I do think mental health in books is a very important topic, because books are very much influential and may lead people to believe things that are not actually true. So thanks for sharing! This was definitely a different but enlightening post. 🙂

  5. I haven’t read these books, but I agree so wholeheartedly that the media/literature should start portraying the hope that can come from mental illness. It’s not a death sentence. Thanks for sharing 🙂

  6. This is seriously interesting! I get nervous reading books about MI, especially when I know people who suffer from various things and so I have experience and stuff, just because if you read a book and it gets it WRONG, it’s so very hard to care about any other factors in the book. You know? 😐 I recently read Say What You Will and I was really disappointed with their portrayal of anxiety. There’s such a fine line between getting it right and and misleading readers.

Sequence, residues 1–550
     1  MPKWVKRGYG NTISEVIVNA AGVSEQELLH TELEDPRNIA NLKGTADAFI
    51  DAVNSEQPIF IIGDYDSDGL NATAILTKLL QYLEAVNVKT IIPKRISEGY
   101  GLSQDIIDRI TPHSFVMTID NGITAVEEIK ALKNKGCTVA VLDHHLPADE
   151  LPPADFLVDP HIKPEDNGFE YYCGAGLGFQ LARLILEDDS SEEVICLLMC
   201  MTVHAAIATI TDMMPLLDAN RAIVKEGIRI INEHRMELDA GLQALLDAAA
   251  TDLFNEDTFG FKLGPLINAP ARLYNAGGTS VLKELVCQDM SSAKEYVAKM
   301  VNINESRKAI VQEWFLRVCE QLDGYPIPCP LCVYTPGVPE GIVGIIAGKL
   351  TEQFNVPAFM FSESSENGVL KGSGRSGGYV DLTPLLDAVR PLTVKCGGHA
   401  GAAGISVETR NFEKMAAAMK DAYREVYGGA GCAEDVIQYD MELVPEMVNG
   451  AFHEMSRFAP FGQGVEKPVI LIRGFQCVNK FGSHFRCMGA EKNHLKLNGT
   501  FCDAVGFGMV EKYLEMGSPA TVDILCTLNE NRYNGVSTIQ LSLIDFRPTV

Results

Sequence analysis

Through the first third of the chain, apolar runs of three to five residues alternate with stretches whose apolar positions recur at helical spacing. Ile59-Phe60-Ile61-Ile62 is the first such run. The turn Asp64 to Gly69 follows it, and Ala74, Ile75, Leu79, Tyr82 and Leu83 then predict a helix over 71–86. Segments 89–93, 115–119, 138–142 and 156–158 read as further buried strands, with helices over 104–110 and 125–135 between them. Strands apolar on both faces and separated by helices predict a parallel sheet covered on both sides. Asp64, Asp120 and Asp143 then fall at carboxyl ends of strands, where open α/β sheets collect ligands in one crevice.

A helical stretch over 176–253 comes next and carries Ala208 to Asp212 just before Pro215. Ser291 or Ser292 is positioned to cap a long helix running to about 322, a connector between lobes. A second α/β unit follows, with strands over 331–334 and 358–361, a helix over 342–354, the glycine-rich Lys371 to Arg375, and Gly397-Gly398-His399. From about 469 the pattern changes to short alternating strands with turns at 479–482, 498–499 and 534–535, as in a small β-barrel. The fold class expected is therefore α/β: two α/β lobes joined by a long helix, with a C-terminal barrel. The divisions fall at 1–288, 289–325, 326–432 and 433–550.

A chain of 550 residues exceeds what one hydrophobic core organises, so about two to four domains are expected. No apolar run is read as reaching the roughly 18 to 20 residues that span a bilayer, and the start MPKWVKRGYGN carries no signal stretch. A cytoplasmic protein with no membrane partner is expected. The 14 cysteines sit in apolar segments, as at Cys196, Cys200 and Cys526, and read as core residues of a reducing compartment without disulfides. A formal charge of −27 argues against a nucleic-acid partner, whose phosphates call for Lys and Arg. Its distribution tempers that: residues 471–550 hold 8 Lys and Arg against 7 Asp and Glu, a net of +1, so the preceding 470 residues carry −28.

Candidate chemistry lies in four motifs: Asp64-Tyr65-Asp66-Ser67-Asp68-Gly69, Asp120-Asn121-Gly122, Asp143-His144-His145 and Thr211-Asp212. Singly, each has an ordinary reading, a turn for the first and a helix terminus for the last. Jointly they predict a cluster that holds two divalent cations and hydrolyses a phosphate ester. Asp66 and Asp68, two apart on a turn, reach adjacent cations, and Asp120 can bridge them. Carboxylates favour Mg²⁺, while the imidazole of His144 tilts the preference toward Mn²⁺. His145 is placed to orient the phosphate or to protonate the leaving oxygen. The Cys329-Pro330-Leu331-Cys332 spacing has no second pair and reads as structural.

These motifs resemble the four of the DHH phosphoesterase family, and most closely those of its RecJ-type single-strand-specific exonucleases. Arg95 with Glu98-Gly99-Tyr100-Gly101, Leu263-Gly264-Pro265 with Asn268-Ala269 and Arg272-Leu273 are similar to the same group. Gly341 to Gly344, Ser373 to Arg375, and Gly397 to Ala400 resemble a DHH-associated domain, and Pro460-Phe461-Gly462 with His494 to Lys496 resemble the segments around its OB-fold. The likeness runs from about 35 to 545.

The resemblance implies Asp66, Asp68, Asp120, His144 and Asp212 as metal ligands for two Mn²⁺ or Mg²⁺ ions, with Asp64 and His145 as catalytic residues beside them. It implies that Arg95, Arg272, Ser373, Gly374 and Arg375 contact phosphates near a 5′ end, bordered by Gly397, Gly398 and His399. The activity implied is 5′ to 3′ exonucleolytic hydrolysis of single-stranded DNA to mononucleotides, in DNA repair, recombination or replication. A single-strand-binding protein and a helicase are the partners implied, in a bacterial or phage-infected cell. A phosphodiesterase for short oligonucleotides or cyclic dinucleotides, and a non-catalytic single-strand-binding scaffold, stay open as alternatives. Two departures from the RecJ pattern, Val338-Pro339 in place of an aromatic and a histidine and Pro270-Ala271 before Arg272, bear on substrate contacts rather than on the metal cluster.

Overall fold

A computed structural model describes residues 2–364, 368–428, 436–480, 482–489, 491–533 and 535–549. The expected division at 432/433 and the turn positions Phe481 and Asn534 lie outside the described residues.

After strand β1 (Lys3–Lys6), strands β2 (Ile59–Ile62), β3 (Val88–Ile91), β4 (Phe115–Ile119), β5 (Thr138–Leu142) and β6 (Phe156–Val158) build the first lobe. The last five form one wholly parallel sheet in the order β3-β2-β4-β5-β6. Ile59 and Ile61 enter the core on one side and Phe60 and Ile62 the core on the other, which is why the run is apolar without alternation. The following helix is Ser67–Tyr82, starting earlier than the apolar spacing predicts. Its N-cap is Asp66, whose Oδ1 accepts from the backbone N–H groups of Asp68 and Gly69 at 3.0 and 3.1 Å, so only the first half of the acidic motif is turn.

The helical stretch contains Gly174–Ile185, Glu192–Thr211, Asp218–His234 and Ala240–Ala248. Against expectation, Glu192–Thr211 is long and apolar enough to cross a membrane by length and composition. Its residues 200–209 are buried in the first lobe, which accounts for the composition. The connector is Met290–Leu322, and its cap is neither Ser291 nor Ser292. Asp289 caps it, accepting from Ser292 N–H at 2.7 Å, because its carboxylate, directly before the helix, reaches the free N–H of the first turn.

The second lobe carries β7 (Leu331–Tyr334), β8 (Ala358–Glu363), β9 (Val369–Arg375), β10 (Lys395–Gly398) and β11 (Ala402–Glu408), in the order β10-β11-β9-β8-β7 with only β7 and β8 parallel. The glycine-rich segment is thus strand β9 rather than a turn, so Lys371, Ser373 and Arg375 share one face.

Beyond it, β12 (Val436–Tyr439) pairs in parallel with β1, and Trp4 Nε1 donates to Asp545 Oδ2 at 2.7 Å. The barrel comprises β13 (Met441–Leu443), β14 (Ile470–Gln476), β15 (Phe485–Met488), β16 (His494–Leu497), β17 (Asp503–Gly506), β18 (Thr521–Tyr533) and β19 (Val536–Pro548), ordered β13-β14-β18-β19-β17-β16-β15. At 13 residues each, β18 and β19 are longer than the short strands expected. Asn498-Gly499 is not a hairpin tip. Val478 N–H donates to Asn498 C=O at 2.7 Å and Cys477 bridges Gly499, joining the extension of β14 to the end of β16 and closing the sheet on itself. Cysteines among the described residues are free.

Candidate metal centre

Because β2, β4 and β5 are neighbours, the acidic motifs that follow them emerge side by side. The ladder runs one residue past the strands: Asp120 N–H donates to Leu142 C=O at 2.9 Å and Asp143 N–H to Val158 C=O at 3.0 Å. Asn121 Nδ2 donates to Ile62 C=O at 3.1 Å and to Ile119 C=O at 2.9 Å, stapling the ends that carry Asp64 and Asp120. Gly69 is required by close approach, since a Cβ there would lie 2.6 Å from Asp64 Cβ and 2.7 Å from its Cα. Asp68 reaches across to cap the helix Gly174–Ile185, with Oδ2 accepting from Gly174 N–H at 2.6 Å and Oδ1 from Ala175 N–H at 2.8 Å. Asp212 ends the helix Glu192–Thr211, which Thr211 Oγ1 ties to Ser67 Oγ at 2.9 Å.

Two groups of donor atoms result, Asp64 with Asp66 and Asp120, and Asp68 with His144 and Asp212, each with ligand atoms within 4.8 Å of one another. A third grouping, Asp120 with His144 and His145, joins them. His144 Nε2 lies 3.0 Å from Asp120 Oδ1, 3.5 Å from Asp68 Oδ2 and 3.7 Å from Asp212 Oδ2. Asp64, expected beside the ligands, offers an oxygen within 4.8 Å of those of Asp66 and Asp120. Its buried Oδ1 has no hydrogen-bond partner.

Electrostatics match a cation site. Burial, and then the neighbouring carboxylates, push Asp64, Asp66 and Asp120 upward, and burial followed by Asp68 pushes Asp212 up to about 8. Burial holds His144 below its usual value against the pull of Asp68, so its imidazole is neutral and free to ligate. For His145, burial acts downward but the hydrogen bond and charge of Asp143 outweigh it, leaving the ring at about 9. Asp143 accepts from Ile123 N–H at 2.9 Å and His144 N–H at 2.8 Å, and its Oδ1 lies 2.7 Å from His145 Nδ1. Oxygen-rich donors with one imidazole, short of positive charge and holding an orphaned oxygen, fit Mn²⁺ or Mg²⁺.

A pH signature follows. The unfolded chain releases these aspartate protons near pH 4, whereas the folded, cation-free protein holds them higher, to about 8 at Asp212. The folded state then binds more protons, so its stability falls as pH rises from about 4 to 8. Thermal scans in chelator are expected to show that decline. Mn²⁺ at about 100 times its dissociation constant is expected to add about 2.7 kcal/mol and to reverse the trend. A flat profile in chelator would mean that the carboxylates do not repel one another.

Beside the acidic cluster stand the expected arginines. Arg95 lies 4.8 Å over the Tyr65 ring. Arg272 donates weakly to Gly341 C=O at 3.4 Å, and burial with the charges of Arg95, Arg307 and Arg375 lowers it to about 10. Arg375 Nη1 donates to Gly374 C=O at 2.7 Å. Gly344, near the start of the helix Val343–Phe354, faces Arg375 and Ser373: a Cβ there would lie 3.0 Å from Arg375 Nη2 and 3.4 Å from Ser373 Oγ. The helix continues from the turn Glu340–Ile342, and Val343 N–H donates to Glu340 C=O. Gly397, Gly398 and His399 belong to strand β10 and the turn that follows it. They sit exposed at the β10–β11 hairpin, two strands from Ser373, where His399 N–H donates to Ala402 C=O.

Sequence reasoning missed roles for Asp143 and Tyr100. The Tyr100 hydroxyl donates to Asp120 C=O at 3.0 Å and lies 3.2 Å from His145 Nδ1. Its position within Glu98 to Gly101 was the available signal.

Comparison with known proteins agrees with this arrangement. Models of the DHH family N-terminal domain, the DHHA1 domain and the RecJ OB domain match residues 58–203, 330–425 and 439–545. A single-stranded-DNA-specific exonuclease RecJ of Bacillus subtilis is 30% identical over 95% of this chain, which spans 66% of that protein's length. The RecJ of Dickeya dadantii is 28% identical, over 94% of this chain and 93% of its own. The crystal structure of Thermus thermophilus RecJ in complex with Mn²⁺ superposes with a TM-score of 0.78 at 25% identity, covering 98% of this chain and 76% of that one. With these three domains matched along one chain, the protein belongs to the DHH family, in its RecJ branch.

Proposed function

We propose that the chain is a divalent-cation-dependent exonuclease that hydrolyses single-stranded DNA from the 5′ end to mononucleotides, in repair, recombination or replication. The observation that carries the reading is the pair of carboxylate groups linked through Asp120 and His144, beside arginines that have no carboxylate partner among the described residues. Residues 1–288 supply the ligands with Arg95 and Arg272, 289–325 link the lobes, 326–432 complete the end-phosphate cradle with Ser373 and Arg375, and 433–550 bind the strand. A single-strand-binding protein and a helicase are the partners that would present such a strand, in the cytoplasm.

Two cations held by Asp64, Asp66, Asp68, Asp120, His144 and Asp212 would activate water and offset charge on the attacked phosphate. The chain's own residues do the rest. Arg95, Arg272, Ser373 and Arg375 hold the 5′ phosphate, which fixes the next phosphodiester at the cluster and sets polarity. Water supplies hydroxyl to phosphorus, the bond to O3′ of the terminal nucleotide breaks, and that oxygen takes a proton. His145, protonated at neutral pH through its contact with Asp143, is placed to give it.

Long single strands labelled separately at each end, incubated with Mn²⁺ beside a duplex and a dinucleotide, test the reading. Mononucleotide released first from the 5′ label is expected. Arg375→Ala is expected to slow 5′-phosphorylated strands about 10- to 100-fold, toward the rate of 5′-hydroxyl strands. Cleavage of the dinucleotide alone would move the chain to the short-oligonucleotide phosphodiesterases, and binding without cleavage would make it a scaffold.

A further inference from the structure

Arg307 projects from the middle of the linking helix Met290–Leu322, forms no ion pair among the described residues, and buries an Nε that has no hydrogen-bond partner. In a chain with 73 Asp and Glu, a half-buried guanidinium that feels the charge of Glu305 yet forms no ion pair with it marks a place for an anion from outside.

Great post! Seriously interesting diagram at the end there too.

    1. Thanks! Yep, I hear you. I actually just read a book (review tomorrow) that I found to inaccurate in many aspects and it really took away from my enjoyment of the book. Super bummed about that.

Comments make me happy. Say hi :)

Fill in your details below or click an icon to log in:

WordPress.com Logo

You are commenting using your WordPress.com account. Log Out / Change )

Twitter picture

You are commenting using your Twitter account. Log Out / Change )

Facebook photo

You are commenting using your Facebook account. Log Out / Change )

Google+ photo

You are commenting using your Google+ account. Log Out / Change )

Connecting to %s